Whenever we want to be update the parent components, all the props in the child component will be changed with the new value. It means that we shouldn’t be trying to mutate a prop inside the child component. If we do this, Vue will warn us in the console.

In these two cases we can be tempted to mutate a prop, as given below:

  • The prop property is used to pass an initial value; afterward, the child component wants to apply it as a local data property. In these cases, the prop’s property can be used as its initial value when we define a local data property.

Example:

props: [ ‘initialCounter’ ],

data: function () {

return {

counter: this.initialCounter

}

}

  • When we want to transform a prop which is passed in as a raw-value, it is required to declare a computed property that uses the prop’s value.

Example:

props: [ ‘size’ ],

computed: {

normalizedSize: function ()

return this.size.trim().toLowerCase()

}

}

Props Validation

Vue components can define the needs of the prop’s property. If any requirement doesn’t fulfill, it will warn us in the JavaScript console of our browser. Generally, it’s useful when we develop a component, and the others are going to use it.

If we want to define the validation of the props, we can provide to the props value an object with validation needs, rather than an array string.

Example: This example explains how we can use the props validation in the Vue.js props.

Vue.component (‘test-component’, {

props: {

// the basic type check (‘null’ and ‘undefined’ values will be applied any type of the validation)

propA: Number,

// the multiple possible types

propB: [String, Number],

// the required string

propC: {

type: String,

required: true

},

// Default value number

propD: {

type: Number,

default: 25

},

// Default value object

propE: {

type: Object,

// default array or an object must be returned from factory function

default: function () {

return { message: ‘this is a prop validation example’ }

}

},

// the custom validator functions

propF: {

validator: function (value) {

// the value must be watch one of these strings

return [ ‘success’, ‘warning’, ‘danger’ ].indexOf(value) !== -1

}

}

}

})

When the prop validation fails, Vue will warn us in the JavaScript console of our browser.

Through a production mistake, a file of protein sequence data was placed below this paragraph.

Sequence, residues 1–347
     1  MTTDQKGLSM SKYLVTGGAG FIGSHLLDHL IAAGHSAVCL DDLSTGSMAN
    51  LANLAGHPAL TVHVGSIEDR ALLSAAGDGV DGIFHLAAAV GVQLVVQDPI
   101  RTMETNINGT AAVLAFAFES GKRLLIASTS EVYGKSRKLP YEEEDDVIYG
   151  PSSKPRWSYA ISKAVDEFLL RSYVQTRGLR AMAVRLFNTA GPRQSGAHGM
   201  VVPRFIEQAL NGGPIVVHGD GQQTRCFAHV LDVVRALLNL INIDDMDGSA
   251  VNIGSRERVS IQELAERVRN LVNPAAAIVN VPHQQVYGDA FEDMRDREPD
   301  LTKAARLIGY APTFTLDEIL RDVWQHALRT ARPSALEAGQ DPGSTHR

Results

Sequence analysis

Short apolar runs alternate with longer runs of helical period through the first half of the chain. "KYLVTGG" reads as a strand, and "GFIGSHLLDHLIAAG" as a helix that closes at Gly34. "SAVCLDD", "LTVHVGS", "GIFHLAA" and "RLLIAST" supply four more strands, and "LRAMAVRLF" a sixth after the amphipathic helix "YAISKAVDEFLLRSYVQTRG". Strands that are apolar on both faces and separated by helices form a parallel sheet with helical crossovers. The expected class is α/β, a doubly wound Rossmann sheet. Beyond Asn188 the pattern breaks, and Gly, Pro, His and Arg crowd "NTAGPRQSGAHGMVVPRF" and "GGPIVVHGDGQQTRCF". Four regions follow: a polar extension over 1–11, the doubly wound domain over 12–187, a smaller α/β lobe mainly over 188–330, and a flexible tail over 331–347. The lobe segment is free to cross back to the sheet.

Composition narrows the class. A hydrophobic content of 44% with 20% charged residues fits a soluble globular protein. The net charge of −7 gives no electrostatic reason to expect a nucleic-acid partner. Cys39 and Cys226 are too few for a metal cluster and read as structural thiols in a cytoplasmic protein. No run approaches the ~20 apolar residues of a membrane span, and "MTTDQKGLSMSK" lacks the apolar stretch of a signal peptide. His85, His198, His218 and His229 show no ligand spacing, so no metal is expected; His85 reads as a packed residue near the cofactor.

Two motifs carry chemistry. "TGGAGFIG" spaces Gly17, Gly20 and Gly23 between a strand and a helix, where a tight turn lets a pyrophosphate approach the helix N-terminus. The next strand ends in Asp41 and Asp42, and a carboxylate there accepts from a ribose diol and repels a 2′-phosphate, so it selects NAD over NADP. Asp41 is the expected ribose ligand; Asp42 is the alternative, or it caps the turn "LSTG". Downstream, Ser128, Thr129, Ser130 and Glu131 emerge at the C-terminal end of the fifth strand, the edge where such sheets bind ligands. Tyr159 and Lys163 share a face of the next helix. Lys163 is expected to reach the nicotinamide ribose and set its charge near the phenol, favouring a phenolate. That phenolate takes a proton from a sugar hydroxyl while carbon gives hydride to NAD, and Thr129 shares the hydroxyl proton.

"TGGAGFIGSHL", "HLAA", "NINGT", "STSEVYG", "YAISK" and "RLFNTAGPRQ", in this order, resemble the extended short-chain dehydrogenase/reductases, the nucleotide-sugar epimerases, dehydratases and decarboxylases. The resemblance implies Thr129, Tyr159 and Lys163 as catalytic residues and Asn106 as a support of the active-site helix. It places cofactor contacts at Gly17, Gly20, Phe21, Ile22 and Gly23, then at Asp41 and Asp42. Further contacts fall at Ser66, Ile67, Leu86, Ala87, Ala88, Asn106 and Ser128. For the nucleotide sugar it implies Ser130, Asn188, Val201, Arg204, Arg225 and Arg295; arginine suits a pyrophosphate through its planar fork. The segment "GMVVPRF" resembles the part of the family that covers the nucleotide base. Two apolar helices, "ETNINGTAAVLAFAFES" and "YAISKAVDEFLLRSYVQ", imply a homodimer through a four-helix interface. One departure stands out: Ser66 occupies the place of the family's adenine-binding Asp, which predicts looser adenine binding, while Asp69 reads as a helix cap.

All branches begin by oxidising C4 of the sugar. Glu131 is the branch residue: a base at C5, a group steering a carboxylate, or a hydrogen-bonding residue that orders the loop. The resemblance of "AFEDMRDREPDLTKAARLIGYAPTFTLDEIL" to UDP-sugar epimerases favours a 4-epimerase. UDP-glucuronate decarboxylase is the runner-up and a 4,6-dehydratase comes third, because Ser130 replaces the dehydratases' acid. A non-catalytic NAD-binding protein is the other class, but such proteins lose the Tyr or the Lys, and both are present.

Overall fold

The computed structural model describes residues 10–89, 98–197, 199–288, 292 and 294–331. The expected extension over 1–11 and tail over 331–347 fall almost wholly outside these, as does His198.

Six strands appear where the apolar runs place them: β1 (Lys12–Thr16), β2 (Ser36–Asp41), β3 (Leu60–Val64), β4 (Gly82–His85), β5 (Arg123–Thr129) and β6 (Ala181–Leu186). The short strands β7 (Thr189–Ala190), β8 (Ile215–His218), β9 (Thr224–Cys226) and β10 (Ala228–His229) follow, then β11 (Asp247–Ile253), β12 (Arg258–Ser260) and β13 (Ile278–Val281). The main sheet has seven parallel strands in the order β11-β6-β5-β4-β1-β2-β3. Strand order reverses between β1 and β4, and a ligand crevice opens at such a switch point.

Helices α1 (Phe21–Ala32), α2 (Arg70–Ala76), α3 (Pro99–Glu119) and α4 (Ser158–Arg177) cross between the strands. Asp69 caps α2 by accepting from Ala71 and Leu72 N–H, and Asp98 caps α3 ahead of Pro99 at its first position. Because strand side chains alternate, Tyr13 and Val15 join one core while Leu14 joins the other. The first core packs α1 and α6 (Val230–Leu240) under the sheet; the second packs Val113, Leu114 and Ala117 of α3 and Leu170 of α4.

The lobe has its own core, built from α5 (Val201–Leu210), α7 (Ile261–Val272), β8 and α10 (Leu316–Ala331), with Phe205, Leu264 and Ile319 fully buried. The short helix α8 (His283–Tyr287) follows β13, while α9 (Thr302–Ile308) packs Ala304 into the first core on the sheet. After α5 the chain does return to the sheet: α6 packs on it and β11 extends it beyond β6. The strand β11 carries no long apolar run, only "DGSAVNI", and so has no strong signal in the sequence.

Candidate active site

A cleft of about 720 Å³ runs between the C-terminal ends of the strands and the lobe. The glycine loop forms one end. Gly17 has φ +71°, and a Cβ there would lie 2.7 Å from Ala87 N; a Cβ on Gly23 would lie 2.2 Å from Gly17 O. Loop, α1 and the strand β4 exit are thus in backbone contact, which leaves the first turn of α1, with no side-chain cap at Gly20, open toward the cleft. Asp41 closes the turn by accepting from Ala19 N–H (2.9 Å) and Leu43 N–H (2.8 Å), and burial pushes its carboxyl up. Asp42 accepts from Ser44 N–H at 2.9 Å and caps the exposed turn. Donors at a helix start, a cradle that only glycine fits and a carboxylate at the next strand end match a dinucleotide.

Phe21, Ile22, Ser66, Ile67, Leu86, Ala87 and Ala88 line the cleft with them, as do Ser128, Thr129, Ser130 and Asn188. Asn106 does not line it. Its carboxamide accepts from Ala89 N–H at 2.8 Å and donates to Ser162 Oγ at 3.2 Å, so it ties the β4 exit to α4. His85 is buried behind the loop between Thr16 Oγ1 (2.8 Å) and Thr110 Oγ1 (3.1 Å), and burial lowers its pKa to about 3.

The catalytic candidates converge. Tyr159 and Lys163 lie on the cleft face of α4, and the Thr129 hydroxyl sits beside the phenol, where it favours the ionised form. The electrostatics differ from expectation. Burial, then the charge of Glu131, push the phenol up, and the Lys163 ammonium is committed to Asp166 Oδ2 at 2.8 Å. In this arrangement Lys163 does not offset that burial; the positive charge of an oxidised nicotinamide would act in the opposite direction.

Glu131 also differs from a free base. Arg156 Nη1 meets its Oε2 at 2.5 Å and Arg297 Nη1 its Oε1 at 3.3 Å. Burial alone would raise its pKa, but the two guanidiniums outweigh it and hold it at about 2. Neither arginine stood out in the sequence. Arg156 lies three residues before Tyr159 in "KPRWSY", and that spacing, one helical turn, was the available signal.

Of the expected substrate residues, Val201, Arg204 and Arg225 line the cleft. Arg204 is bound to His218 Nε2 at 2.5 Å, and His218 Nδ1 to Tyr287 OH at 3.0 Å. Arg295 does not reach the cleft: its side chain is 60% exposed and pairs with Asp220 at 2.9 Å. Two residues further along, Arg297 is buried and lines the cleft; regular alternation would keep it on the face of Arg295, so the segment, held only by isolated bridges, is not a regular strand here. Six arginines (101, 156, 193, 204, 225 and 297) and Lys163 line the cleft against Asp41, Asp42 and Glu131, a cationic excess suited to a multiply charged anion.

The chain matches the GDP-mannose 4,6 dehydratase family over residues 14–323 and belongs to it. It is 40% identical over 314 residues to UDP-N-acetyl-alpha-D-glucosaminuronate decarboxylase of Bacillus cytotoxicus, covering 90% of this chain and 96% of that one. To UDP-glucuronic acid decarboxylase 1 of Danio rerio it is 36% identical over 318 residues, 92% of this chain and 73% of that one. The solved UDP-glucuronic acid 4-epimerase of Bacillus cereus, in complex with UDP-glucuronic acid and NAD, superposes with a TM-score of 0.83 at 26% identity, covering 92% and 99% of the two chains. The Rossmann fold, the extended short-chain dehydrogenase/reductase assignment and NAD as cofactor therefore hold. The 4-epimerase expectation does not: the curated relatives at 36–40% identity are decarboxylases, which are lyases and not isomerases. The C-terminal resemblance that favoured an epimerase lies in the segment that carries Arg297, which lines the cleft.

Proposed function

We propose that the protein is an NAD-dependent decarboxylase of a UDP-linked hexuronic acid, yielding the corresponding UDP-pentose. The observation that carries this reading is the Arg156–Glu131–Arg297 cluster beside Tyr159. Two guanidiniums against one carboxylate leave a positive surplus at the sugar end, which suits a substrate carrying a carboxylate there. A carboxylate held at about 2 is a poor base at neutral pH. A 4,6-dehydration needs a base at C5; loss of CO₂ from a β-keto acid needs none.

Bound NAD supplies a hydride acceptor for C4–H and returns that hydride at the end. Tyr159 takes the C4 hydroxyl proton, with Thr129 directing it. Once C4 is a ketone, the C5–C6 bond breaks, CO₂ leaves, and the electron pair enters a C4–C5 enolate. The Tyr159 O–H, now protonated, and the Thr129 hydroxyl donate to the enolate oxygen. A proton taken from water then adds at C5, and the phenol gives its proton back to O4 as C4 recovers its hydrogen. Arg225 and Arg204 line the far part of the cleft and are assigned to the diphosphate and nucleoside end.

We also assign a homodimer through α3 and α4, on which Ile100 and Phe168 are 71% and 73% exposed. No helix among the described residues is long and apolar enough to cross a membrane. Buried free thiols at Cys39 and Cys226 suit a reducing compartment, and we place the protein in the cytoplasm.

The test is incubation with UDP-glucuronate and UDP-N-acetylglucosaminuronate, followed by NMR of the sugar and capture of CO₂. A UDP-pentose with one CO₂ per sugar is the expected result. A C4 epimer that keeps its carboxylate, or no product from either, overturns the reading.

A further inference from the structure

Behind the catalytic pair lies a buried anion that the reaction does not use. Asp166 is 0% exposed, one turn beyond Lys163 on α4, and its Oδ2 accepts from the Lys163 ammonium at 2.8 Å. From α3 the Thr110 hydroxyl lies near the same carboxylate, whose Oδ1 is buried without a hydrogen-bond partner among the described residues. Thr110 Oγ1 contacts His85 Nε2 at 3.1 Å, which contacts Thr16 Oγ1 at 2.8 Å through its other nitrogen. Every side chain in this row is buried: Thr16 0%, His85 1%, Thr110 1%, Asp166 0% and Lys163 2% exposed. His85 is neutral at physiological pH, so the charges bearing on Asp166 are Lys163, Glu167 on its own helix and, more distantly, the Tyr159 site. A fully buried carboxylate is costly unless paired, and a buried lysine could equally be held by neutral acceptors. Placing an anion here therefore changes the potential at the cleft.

Type Checks

The type may be one of the native constructors from the following constructors:

  • String
  • Boolean
  • Number
  • Date
  • Function
  • Array
  • Object
  • Symbol

Furthermore, the type may also be a custom constructor function, and an assertion is made with an instance of a check.

Example:

Function person (name, address) {

this.name = name

this.address = address

}

And we can use this:

Vue,component (‘test-component’, {

Props: {

Author: person

}

})

To validate that the author prop’s value was built with a new Person.

Non-Prop Attributes

The non-prop attribute is an attribute, which is passed to a Vue element but does not have a prop defined for it.

It is very important when we are creating the external CSS libraries that can’t always know the full context in which the components might be used.

For example, suppose we are using a third-party bootstrap-date-input feature with a bootstrap plugin that needs a data-date-picker property on the input. We can add this property to our Vue instance component.

Example:

<bootstrap-date-input data-date-picker= “activated”></bootstrap-date-input>

Replacing/Merging with Existing Attributes

Let’s consider this as the template for bootstrap-date-input attribute:

<input type= “date” class= “form-control”>

We may require to add the specific class to define a theme for our date picker plugin.

<bootstrap-date-input

            Data-date-picker= “activated”

            Class= “date-picker-theme-dark”>

</bootstrap-date-input>

Disabling attribute Inheritance

If we don’t want the root element of the Vue component to inherit an attribute, we must set the inheritAttrs: false attribute in the options of the components.

Example:

Vue.component (‘test-component’, {

inheritAttrs: false,

})

By adding the attributes inheritAttr and $attrs, we can manually decide the element that we want to forward attributes to, which are generally desirable for the base element.

Example:

Vue.component ( ‘test-component’, {

inheritAttrs: false,

props: [ ‘message’, ‘value’ ],

template[h1] :

<component>

            {{ message }}

            <input v-bind: “$attrs”

            v-bind: value= “value”

            v-on: input= “$emit(‘input’, $event.target.value)”>

</component>

})